And even with indoor wedding ceremonies and receptions it has come in handy from time to time, as there have been occasions when an interior space has one area with a bloom of daylight in one spot blowing out the background, and more commonly, I sometimes struggle with strong lighting coming from the band or DJ bleeding onto the dance floor area, not wanting to push my shutter speed into HSS territory, and having instead to reduce ISO (which means the flash has to work harder and recycles slower, since I’m bouncing almost all of the time). In both cases, it's nice to have that additional stop or so of faster shutter speed to reduce the ambient light.
The only caveat here is that this faster sync speed does require the use of the mechanical shutter (maximum sync speed with the electronic shutter is 1/200, which is appropriate for probably 90% of my wedding work).
APS-C crop mode switching always available. This new camera allows for APS-C crop mode to be toggled even while the buffer is clearing (which the A9 and A9ii cannot do... you must wait until the camera is finished writing the files to the cards before you can change this setting, even if this toggle is assigned to a custom button). As I elaborate on below, I frequently use crop mode, since it increases the framing flexibility when shooting with primes. The only problem is that with the A9, I had to be cautious not to fire off too many shots in APS-C right before I knew I was going to need to quickly switch back to full-frame (such as during the processional), as there would be a period of a few seconds (as the buffer cleared) when I would not be able to change that setting.
Higher resolution. Though I originally viewed the 50mp sensor as a negative, the more I thought about it (and shot with the camera), the more I warmed up to it, as I appreciate having more room for cropping. And as a mostly prime shooter, this higher resolution when shooting in APS-C crop mode is indeed quite useful, as it still produces an amply high resolution 21mp file. This lets me, for instance, have 24mm and 50mm lenses mounted, but also have instant access to the field of view equivalent of approximately 35mm and 75mm. It also makes the lovely Sony 135mm f1.8 lens a viable option for a long lens during church ceremonies. True, there’s ultimately no difference between shooting in crop mode and cropping a full-frame image in post-processing (aside from saving some storage space on the memory cards and computer), but aesthetically I prefer to see the crop in-camera for framing purposes. With a custom button assigned to toggle back and forth between APS-C and full-frame, I can instantly make this switch without having to go into the menu system, and lets me shoot as though I have two prime lenses mounted to each camera.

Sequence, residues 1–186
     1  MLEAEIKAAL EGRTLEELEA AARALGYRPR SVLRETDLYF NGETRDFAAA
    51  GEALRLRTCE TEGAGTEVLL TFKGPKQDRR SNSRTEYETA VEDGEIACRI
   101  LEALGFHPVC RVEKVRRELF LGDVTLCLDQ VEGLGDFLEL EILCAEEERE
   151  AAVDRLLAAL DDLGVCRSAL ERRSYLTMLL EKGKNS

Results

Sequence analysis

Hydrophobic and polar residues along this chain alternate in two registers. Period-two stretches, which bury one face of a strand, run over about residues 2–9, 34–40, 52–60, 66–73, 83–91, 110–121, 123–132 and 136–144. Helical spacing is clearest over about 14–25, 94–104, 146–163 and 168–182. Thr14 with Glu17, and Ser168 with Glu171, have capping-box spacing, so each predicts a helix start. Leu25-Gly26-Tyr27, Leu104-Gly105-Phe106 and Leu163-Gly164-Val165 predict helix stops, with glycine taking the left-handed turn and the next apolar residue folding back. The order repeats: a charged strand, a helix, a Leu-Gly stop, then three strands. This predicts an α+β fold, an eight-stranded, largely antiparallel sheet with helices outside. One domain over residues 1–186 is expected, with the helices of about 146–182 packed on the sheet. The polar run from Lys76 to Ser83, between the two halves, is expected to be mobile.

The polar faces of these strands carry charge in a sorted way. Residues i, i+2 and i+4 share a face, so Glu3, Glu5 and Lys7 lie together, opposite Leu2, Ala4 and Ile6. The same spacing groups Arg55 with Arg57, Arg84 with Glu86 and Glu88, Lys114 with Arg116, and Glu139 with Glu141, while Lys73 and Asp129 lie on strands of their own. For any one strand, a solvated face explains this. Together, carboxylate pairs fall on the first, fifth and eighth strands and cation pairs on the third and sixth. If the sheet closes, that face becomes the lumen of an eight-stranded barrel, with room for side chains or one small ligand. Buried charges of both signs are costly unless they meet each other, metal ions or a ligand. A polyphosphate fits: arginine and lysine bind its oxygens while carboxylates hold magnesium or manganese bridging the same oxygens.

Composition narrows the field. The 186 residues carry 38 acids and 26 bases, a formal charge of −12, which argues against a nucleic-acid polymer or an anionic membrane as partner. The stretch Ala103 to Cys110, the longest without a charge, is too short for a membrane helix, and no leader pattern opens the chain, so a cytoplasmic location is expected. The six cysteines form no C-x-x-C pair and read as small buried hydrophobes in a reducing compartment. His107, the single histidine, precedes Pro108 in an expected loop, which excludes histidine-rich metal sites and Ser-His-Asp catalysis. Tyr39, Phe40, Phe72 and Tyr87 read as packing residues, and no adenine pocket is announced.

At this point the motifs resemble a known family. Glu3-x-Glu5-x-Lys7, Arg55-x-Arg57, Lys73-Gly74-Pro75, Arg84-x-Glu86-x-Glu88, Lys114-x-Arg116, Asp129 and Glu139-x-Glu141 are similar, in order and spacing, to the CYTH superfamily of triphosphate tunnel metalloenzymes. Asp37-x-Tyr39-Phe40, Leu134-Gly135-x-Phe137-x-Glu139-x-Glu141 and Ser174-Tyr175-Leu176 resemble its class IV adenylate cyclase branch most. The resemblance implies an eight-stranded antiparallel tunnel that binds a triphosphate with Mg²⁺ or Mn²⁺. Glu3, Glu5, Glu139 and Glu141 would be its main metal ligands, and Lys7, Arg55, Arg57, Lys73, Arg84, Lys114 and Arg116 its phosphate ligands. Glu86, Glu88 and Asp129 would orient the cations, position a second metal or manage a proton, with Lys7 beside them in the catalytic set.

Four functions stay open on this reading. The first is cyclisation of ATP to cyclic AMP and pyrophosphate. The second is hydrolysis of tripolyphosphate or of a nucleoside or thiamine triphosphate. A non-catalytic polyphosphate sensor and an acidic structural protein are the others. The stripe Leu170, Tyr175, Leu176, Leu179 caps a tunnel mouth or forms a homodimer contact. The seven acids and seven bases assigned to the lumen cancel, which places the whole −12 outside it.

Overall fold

Better compatibility with Godox V350 flash. I often prefer these smaller speedlights when shooting with my Sony gear, since they balance better with these smaller bodies (and smaller prime lenses), and I typically don't need the higher power of the larger flashes even when bouncing because I shoot with fast primes. But for some reason I would get inconsistent TTL exposures when bouncing with the V350 (and even the larger V860II) on the A9, yet, peculiarly, the round-head V1 works fine with that body. On the A1, however, the V350 works well (as do the V860II and V1), so it's nice to have the option of using the smaller flash when appropriate.
Image jump during playback. One thing I really missed about the various Canon and Nikon cameras that I shot with over the years was that when reviewing captured photographs, the rear wheel would scroll through images one by one, while the front wheel would jump in higher increments, giving you the ability to quickly skip back to view images from an earlier portion of the day. At one point, in an A9 firmware update, Sony added what initially sounded like was going to be this feature, but it ended up being only being a way to jump through images that you had "rated" in-camera, and there was still no way to quickly jump through regular unrated images. The A1 adds the ability to set the front dial to jump in increments of 10 or 100.
Quiet mechanical shutter. When I first unboxed and powered up the A1, I fired off a few quick test shots in silent shutter mode, then switched to the mechanical shutter. Pushing the shutter release, I was dismayed to hear just a gentle sound that is best described as a soft knock (like the shutter mechanism was trying to actuate, but was jammed and was not actually moving). I figured the camera was defective, and groaned to myself at the thought of having to ship it back and wait for a replacement. It took me a few moments to realize that the camera was in fact fine, and that’s just how quiet the shutter is! I don't expect to use the mechanical shutter much, but it's nice to know how discrete it is if I do need it.